This article first appeared in Aerospace Daily & Defense Report.
BEIJING -- Chinese fighter builder Avic Defense aims to build a large business jet as part of its strategy of exploiting military technology for its civilian sidelines.
Avic Defense also will build up an aircraft maintenance operation catering for airline customers, company president Wang Yawei tells Aviation Week.
Wang emphasizes that the dominant business of Avic Defense will continue to be the supply of weapons to the Chinese armed forces. The company will pursue military exports, but the development of military products will be aimed mainly at local requirements.
In an interview, Wang did not elaborate on domestic weapons programs. Such announcements are reserved for generals, admirals and ministers.
Avic Defense already has substantial civil work, including center fuselages for the Bombardier C Series regional jet, rudders for Boeing 787s and parts for Airbus aircraft. Moreover, it is wholly responsible for building the Cessna 162 Skycatcher light sport aircraft.
The development plan for the defense unit has been drawn up by parent company Avic, Wang says. The efforts purposefully imitate France's Dassault Aviation.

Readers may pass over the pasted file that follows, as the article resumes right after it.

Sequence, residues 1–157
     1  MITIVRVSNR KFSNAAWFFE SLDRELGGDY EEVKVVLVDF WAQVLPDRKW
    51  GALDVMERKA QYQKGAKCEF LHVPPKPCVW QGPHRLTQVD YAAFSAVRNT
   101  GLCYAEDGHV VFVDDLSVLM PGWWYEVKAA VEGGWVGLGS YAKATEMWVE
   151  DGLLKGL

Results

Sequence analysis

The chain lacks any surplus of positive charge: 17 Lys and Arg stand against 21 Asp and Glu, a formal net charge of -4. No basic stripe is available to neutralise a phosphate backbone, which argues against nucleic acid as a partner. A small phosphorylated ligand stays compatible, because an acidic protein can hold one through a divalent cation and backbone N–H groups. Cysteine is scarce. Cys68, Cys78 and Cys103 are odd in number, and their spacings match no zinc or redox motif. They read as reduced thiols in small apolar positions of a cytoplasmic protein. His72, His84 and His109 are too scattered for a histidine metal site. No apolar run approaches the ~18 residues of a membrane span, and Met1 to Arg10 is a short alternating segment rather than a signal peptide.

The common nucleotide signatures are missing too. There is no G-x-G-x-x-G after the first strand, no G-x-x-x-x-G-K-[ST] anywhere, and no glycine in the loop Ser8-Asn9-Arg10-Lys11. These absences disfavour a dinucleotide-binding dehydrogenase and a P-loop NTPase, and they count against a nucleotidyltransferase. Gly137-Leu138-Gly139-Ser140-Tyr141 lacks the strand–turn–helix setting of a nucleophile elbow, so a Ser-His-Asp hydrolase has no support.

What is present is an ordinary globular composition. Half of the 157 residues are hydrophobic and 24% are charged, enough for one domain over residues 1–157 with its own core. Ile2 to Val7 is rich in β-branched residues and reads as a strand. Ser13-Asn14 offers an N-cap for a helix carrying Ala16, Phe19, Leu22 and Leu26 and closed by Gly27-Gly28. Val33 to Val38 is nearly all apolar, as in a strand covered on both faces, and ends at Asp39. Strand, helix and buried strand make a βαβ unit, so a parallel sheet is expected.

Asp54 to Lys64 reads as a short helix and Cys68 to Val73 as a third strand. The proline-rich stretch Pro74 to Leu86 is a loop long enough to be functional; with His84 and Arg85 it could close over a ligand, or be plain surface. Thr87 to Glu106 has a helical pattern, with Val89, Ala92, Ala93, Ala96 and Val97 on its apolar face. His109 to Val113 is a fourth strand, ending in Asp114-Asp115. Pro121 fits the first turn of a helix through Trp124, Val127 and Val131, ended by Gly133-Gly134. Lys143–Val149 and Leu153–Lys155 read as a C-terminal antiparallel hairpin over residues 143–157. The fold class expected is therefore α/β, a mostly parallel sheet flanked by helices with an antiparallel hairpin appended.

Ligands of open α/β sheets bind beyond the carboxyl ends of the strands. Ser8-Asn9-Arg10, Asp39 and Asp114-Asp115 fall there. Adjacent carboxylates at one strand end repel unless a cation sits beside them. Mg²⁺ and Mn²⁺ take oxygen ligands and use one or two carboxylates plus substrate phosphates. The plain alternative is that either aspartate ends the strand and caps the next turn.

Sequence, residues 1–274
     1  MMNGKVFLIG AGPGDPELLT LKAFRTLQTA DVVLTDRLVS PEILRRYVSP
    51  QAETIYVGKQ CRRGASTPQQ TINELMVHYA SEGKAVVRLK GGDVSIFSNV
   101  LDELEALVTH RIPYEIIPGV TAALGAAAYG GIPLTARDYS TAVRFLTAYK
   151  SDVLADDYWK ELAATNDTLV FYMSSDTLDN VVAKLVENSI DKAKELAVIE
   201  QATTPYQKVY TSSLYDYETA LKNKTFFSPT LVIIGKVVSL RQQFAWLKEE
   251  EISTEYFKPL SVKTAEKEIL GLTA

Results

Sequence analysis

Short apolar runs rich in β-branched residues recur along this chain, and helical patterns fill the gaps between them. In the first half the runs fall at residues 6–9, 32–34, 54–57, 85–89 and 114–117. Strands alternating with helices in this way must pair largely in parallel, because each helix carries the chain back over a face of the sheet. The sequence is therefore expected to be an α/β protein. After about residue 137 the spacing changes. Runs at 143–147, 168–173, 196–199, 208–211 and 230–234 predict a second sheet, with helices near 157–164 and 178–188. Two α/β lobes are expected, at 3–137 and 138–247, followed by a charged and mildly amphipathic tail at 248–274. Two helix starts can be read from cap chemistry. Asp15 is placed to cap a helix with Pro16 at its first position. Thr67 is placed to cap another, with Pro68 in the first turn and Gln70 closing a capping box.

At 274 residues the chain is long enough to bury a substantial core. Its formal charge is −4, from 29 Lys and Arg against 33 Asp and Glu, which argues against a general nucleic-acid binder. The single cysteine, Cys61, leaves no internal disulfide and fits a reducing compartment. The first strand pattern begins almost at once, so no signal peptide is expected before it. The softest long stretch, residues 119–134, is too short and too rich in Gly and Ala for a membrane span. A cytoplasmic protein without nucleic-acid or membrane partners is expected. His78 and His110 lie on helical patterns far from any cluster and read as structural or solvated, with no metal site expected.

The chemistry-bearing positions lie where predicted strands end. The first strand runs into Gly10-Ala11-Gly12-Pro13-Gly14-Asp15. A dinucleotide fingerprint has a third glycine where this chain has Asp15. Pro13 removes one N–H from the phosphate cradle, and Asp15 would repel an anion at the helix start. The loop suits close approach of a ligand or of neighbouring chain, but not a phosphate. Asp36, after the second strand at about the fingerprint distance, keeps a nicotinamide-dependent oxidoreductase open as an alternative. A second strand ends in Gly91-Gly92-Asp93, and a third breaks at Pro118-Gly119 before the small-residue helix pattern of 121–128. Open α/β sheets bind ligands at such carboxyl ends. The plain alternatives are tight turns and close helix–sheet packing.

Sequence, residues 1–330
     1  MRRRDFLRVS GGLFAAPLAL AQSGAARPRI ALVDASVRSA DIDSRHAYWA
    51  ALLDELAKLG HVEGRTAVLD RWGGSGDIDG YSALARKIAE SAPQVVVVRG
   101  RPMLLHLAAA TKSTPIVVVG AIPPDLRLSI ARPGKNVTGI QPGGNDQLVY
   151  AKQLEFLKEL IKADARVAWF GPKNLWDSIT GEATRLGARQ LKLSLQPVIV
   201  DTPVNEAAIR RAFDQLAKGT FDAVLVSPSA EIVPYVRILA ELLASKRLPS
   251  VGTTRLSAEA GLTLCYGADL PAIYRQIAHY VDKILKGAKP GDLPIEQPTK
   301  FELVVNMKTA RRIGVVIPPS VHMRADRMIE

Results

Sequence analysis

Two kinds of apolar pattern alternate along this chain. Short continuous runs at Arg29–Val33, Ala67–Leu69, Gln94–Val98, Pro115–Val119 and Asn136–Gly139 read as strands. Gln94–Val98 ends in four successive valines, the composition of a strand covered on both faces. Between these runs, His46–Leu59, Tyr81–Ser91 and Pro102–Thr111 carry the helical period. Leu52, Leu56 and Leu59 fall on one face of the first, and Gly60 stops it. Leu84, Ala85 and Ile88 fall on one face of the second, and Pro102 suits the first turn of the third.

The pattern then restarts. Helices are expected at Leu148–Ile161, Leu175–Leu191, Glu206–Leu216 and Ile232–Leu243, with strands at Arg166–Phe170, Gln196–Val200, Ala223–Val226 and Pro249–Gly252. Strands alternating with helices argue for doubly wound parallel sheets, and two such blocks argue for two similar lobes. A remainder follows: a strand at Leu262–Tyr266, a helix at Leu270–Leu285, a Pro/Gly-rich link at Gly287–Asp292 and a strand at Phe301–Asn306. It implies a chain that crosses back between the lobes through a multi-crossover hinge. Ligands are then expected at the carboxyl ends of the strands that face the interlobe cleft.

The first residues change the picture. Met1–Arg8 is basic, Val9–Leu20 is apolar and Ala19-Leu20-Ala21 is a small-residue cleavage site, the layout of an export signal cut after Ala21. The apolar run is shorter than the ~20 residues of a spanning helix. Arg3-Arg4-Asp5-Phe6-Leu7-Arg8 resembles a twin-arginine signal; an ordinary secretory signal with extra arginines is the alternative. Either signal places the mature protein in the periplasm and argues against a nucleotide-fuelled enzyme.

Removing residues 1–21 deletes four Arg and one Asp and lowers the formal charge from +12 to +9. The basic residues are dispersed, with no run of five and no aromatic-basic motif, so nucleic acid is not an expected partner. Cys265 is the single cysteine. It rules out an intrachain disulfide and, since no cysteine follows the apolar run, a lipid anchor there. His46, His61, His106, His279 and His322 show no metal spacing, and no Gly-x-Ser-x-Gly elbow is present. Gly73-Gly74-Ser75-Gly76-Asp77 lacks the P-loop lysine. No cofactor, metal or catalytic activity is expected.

"As part of the development plan, Avic wants Avic Defense to exploit its defense resources to develop a high-end business aircraft, just as Dassault does," the executive says. "Dassault is a very good fighter builder, and it makes very good business aircraft."
Wang's description of the proposed business jet as a high-end product and his reference to Dassault suggests that he is thinking of a large-cabin, long-range aircraft.
He rules out simply acting as a supplier for a separate business jet program proposed by sibling Avic General Aircraft. Avic Defense will build its own aircraft, he says. Avic General Aircraft has said its jet would be in the class of the Bombardier Challenger 850.
Wang also has clarified Avic Defense's plans to develop an aircraft-support business. When the idea was raised earlier this year, it seemed that it might be restricted to military products, since the Chinese air force and navy would presumably be unwilling to allow foreign airline executives to enter sites that maintain Chinese combat aircraft.
But Avic Defense does plan to pursue airline customers, Wang says. He defines the proposed business as after-sales service and maintenance, including whole-life service.
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